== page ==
No class: Tuesday, Oct 4 
Week 7 Oct 1014 
*
Arabic mathematics * The cossic art 
MTM: An
overview of Arabic mathematics * Earliest Uses of Various Mathematical Symbols (Not required. Check for fun!) B&G: Sketch 10 (p 129132), Sketch 8 (p 115120) 
GroupWork 6: Organization and Focus (use: Structure of a general expository essay) 
Draft: Paper 2 Due: Tue, Oct 11 
Week 8 Oct 1721 
* Renaissance: solutions to cubic and quartic equations * The quintic equation and group theory: Abel and Galois 
B&G:
Sketch 11 (p 135138) D: Chapter 6 (p 133154) MTM: A biography of Abel A biography of Galois 
Individual Assignment: Paper 2 final version and final version cover letter (see guidelines in Papers section) GroupWork 7: Cubic Equations 

Week 9 Oct 2428 
* Descartes, Fermat and a
gem from Isaac Newton 
D: Chapter 7 (p 155174 and
177183) B&G: Sketch 13 (p149154) * The enigmatic number e (Not required. Read for fun!) 
Group Work 8: Common Mistakes  Final version: Paper 2 Due: Tue, Oct 25 
Week 10 Oct 31Nov 4 
* Calculus: Newton, Leibniz, and the Bernoullis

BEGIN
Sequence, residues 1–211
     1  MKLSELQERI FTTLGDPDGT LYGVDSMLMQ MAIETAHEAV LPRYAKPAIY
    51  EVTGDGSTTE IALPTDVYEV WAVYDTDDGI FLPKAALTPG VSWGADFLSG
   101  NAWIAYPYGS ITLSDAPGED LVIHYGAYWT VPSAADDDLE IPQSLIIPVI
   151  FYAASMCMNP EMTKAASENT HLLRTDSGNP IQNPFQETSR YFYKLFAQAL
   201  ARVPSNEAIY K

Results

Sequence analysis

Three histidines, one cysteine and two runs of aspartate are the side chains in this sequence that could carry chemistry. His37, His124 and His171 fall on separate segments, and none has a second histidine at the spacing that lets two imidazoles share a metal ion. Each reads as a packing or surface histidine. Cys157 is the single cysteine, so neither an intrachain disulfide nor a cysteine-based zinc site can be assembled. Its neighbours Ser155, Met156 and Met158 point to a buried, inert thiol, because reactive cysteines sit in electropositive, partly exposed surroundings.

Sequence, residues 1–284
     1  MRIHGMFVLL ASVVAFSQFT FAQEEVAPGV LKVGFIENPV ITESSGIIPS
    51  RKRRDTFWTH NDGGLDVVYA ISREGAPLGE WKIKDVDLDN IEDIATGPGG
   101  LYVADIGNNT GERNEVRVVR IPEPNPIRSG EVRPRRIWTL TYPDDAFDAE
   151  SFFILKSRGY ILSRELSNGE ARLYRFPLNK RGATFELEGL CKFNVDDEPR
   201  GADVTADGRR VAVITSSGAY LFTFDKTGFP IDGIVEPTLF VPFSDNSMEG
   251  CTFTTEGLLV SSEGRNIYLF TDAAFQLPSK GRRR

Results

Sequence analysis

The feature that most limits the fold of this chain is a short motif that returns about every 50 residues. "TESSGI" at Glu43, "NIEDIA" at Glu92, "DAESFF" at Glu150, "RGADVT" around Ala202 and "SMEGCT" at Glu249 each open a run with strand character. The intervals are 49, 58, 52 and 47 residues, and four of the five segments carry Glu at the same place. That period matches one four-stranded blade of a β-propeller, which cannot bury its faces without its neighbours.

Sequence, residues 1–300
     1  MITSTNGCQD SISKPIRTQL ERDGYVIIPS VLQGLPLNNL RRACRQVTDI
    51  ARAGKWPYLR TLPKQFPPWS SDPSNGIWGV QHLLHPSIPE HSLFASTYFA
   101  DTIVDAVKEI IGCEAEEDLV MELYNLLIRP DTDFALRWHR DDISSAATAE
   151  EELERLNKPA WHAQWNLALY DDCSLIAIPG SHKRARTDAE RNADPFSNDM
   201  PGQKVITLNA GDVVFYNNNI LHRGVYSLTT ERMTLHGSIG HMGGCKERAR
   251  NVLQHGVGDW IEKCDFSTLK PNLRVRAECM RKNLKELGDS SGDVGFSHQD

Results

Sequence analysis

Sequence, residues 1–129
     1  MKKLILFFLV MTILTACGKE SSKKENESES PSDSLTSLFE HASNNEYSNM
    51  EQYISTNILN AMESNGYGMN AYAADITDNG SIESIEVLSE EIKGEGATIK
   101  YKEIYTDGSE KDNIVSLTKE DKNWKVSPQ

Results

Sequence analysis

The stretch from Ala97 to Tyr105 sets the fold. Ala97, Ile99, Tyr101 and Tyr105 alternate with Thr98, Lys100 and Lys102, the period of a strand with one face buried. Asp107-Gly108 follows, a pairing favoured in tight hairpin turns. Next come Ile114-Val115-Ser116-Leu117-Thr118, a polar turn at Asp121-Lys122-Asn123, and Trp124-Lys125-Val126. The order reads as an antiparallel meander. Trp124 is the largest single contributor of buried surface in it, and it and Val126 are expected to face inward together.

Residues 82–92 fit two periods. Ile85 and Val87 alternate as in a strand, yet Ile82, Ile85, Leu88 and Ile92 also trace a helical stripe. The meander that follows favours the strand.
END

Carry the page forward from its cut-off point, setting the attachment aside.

D: Chapter 8
(p 184206) B&G: Sketch 30 (p279284) 
Individual Assignment: Paper 3 proposal (see guidelines in Papers section) GroupWork 9: Some Series of Newton and Leibniz 

Week 11 Nov 711 
* Euler and
his legacy 
D: Chapter 9 (p 207222) Chapter 10 (p223235,You may skip the proofs) 
GroupWork 10: Euler's Seven Bridges of
Konigsberg 
Proposal: Paper 3 Due: Tue, Nov 8 
Week 12 Nov 1418 
* From Gauss to Cantor * Overview of 19 century mathematics 
MTM: A
biography of Gauss B&G: Sketch 6 (p 103106) D: Chapter 11 (p 245266) 
Individual Assignment: Paper 3 draft and draft cover letter (see guidelines in Papers section) GroupWork 11: Gauss' Congruent Integers 

Thanksgiving
Recess 
Enjoy and have
fun! 

Week 13 Nov 28Dec 2 
* Cantor, Hilbert, Russell,
Goedel * The foundations of mathematics 
* Hilbert's
Problems * Goedel and the limits of logic D: Chapter 12 (p 267283) B&G: Sketch 25 (p 239244), Sketch 29 (p271276) 
Individual Assignment (counts as a